Fianna Fáil Spokesperson for Children and Youth Affairs, Anne Rabbitte TD, has raised serious concerns over the number of crèches who have yet to apply for re-registration with Tusla.

It has emerged during Oral Questions with the Minister for Children and Youth Affairs, Katherine Zappone that there are 230 crèches yet to submit their re-registration applications to Tusla ahead of Thursday’s deadline. This equates to 6% of crèches. Failure to re-register means that Tusla cannot guarantee a service will be allowed to operate from 1st January 2020.  

Deputy Rabbitte commented: “With a little over 24 hours until the deadline passes, we’re now facing into a situation whereby hundreds of crèches may have to close because they will be operating without registration, which is illegal. As bad as the crisis in childcare is, it could be about to get a lot worse.  This sector is already stretched to breaking point – I am fearful that we may now be on the verge of it being completely overwhelmed.

“Come Friday morning, we could be in a situation where several hundred parents are left with no option but to find a new crèche for their most precious after Christmas. There’s already a serious capacity crisis, particularly in urban areas, so to now be facing into the potential loss of 230 crèches will cause deep anxiety among parents. I would plead with those remaining crèches to submit their applications as it seems clear that the Government has no Plan B if this deadline is missed.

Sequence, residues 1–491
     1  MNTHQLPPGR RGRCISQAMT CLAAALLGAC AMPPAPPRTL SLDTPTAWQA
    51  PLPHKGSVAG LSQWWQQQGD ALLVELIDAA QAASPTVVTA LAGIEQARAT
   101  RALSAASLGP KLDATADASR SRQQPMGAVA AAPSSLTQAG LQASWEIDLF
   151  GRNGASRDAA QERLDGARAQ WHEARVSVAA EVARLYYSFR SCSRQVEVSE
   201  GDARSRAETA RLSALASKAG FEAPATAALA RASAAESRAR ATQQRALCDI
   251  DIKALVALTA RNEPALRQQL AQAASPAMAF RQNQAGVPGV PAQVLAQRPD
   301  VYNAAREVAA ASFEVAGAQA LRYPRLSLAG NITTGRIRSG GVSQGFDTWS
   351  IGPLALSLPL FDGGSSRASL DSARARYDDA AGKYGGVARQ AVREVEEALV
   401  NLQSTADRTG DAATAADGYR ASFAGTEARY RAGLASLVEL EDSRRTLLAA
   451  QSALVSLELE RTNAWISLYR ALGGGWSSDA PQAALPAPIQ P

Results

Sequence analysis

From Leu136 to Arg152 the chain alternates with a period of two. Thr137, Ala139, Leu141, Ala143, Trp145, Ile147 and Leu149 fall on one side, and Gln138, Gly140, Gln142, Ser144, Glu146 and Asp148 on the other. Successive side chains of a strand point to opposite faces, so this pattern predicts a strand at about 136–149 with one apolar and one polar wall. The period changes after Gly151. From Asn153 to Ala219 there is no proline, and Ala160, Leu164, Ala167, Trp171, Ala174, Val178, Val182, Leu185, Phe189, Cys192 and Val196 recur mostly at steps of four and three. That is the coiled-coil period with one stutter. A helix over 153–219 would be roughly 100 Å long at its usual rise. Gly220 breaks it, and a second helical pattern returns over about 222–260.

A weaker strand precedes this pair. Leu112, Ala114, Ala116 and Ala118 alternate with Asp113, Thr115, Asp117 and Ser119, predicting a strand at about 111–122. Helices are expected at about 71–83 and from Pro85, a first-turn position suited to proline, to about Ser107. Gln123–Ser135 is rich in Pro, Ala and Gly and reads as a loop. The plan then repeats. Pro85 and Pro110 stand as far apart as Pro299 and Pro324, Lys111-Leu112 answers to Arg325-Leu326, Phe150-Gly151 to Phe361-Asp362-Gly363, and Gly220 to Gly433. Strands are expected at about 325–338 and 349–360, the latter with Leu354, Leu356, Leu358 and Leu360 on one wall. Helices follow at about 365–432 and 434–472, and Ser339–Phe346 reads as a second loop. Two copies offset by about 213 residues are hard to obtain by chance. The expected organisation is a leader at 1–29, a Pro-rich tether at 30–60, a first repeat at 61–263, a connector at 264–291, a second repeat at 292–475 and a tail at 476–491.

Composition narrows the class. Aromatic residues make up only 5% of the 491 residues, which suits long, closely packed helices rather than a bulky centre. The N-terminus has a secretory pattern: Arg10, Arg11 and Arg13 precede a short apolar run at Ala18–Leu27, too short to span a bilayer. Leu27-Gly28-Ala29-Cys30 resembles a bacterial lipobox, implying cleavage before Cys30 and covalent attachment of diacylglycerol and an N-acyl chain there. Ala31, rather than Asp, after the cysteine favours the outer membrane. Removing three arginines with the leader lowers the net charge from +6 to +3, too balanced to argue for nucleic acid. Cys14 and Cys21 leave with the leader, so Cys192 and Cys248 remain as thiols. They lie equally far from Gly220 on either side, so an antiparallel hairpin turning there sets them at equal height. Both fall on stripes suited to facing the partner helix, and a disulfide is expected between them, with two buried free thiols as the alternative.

“Several problems have emerged with Tusla’s re-registration process, particularly in relation to fire certification and planning issues. Tusla has already extended the deadline to June 2020 for crèches to provide this information, but it now seems that crèches may be left with massive bills to fulfil the requirements, as well as increased insurance costs, with many seemingly considering whether it’s worth continuing to provide childcare services.

“If the Government continues to introduce additional and more onerous regulations on childcare providers, while at the same time doing absolutely nothing to develop or encourage additional capacity, the acute crisis that we are already seeing in parts of Dublin is going to become a national crisis,” concluded Deputy Rabbitte.